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08 Jun Why the Hard Sell Doesn’t Work for Millenials

Nearly a quarter of the population of the United States is now composed of millenials. They are a powerful consumer group that every brand needs to reach if it wants to stay competitive. So why are so many brands struggling to connect with this demographic?

They are struggling because millienials are coming of age during an era of uncertainty. Crushed by student loan and medical debt, they have less spare cash and have acquired a hefty dose of skepticism when it comes to big brands. That means your brand must work harder to woo them and their business.

For a marketing strategy to appeal to millenials it needs to be engaging in a way that is authentic, personal, and adds value to their everyday lives. Here are three ways your brand can build trust to reach these savvy consumers:

1) Authenticity. Millenials crave authenticity from the people and brands they interact with. In the era of fake news and disillusionment with big business, millenials trust brands that sound authentic. Cultivating this trust is all about reaching out to this audience using the language they use – and delivering messages on the channels they frequent. In this way, millenials are no different than any other demographic. You must understand them, what’s important to them, and where they consume their media in order to connect. Taco Bell has even incorporated a “Millenial Word of the Week” into its weekly internal corporate communications plan to keep everyone in the loop on lingo.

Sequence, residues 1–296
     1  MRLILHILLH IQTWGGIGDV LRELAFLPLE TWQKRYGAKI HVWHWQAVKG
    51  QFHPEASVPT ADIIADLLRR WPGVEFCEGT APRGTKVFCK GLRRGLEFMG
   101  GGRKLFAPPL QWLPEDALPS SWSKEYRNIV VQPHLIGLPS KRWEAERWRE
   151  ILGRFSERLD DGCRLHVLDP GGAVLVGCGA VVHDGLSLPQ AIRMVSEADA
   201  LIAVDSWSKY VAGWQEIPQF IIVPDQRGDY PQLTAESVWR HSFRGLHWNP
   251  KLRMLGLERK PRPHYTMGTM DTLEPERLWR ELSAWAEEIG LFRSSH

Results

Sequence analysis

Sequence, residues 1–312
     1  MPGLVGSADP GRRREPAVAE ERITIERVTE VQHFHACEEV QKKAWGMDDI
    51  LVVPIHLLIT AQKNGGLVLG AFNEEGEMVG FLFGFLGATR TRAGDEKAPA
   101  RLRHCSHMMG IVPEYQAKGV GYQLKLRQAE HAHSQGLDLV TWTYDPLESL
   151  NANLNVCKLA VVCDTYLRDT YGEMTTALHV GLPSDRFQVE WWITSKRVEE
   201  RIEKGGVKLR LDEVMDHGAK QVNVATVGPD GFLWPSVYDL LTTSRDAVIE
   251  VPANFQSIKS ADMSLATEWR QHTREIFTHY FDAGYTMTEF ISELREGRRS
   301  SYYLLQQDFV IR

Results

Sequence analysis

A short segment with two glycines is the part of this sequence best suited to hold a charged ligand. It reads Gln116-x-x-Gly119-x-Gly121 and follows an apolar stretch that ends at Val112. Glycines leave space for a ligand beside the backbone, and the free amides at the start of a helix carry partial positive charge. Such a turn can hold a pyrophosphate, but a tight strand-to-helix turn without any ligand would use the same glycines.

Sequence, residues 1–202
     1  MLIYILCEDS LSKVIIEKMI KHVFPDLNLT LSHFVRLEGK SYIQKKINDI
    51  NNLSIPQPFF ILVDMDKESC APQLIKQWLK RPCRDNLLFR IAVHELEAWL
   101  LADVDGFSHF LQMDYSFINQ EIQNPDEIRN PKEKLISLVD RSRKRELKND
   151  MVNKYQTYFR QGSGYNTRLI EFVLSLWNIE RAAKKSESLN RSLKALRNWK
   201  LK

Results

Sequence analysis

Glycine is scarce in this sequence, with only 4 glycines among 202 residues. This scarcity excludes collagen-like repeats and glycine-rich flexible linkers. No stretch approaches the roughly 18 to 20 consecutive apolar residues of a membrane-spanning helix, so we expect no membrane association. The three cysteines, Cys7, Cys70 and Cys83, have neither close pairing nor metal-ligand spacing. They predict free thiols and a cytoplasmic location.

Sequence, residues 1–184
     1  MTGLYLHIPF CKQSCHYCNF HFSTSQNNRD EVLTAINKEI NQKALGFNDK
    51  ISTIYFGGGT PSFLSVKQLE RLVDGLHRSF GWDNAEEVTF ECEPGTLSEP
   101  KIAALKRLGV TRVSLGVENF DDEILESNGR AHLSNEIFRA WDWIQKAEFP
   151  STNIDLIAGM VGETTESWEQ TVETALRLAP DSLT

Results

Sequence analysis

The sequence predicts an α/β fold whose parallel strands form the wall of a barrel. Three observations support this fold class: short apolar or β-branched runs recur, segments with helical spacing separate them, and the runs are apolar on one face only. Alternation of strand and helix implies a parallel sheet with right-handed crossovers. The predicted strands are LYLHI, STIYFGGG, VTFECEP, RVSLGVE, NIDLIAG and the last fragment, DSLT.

2) Personalization. We live in a time where we have incredible access to consumer data – so why aren’t more big brands using it to personalize their messages? Millenials aren’t fans of generic outbound marketing efforts. They have become accustomed to personally tailored experiences on platforms like Facebook, Snapchat, and Instagram that serve them content that’s relevant. Big brands that succeed are those willing to embrace data-driven marketing efforts that allow them to customize and serve messages to consumers in a highly personal, targeted way.

3) Value. Are you providing millenials with valuable content, or just pushing out generic digital ads with your logo and tagline? Content marketing isn’t a new idea. Brands have always recognized the benefit of providing value to consumers, whether it’s the Michelin restaurant guide or John Deere’s education magazine, The Furrow. In 1904, Jell-O even gave away free copies of its recipe book as a winning marketing tactic. Millenials want to know what your brand can do for them – not what they can do for your brand. Offer valuable content that keeps them coming back for more.

Are you interested in creating a millennial-friendly marketing strategy? Let’s talk.

 

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